Q: My boyfriend and I have lived together for 3 years. He is buying a home and wants to add me to the deed after all the paper work is done.

How would that work in the state of Florida? Do you know what the cost would be to add me to the deed?

A: Adding you to the title in many states can cost almost nothing. All you have to do is pay for a quit claim deed and then the filing fee for recording it. You need to talk to the recorder of deeds office in the state in which you live to make sure that the cost of recording this type of deed will be inexpensive.

The question your boyfriend has to answer is what is he trying to accomplish by adding you to the title? Is he trying to protect your right to continue to live in the property if he dies suddenly? Is he trying to avoid writing a will? Is this about estate issues? In almost any case, your boyfriend would be better off if he added you to the deed when buying the house, not after. Adding you to the deed at the time of the closing may pose problems with his lender but in many cases it’s very doable. The real issue is if he adds you to the deed and you guys break up, what will happen to the property?

If you were married, there is plenty of law behind what each spouse is entitled to in case of a breakup, but in your case, as unmarried partners, the law isn’t as clear.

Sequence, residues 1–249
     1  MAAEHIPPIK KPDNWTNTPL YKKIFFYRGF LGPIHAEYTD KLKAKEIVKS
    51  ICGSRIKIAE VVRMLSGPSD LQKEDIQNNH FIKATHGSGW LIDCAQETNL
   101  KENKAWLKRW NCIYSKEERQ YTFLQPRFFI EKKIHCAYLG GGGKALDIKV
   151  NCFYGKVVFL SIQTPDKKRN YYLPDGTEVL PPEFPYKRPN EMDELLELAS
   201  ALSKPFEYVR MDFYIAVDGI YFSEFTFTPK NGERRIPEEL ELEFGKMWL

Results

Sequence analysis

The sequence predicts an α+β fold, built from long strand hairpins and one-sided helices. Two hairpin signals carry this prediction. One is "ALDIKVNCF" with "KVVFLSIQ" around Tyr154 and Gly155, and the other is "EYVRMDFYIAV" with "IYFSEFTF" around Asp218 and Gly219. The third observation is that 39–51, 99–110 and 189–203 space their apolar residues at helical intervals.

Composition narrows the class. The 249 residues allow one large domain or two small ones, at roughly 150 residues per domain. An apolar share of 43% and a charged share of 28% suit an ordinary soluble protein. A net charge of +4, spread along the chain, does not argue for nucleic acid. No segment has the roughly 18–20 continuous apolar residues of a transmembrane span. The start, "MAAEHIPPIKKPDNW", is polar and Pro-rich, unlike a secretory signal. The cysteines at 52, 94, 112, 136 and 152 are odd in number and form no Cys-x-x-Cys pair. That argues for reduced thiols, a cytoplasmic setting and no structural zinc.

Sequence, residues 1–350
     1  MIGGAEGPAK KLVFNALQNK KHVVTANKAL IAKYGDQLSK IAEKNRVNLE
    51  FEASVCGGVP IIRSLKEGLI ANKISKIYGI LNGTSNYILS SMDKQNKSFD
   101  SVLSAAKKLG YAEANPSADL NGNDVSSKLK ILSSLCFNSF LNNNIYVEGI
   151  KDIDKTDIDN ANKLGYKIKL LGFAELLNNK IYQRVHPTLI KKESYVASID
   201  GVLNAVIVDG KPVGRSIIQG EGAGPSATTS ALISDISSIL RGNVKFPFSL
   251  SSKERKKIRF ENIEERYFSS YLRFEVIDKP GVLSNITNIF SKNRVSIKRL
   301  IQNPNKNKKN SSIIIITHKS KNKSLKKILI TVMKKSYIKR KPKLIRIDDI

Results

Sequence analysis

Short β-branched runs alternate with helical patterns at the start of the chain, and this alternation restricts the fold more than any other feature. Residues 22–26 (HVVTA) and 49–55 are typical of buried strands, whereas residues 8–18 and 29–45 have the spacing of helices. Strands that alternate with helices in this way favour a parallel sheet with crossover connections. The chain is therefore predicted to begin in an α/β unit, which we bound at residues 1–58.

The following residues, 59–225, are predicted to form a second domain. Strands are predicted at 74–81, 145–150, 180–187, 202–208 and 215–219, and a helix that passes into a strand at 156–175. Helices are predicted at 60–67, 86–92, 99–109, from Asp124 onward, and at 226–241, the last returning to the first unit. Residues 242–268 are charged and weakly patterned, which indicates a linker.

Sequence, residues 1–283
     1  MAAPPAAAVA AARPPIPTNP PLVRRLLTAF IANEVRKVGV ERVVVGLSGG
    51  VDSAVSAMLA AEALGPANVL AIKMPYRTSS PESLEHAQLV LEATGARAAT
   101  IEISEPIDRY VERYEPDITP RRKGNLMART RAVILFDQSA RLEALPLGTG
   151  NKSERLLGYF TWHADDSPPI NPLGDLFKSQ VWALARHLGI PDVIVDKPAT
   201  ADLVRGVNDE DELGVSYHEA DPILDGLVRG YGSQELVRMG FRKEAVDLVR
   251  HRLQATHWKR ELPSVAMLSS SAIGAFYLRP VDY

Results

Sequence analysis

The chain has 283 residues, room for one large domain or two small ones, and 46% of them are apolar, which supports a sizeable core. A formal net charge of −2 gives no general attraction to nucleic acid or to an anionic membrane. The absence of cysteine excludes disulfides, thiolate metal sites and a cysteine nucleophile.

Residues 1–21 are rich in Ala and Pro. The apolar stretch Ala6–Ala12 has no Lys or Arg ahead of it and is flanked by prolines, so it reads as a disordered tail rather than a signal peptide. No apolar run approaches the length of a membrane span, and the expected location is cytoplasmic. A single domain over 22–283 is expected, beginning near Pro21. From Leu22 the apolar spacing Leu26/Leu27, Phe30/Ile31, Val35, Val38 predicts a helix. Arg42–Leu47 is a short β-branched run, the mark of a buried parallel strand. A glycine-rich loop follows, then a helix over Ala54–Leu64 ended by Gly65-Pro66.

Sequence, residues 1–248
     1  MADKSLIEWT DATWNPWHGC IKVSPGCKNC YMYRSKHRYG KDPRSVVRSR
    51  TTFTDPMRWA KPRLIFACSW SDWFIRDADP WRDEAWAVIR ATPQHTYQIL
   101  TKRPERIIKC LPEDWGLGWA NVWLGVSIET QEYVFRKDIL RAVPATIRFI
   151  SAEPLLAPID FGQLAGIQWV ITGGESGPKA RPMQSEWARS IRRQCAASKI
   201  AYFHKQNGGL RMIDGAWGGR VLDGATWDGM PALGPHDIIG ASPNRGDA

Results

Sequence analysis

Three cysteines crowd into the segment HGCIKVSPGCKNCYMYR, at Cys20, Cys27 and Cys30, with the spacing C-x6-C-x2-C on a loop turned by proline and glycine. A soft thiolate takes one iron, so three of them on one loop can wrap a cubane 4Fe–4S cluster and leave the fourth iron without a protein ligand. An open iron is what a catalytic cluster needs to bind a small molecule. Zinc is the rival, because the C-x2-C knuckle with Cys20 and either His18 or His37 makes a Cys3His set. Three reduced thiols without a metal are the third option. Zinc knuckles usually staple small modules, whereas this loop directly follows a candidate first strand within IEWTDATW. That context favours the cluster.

After he buys the property, adding your name to the title would be construed as a gift and could cause gift tax issues down the line. Having you on title may allow you to take deductions on your federal income tax return to which you would otherwise would not be entitled. You and your boyfriend would have to decide who would get the tax benefits from the ownership of the home.

If you get married, these issues may disappear, but you should still talk about them now.

If your boyfriend wants to protect your interest in the property, but decides against adding you to the title, he can write a will that state you will inherit the home when he passes. If you two break up, he can write a new will.

He should consider talking to a real estate attorney or estate planning attorney about his options and other issues involved.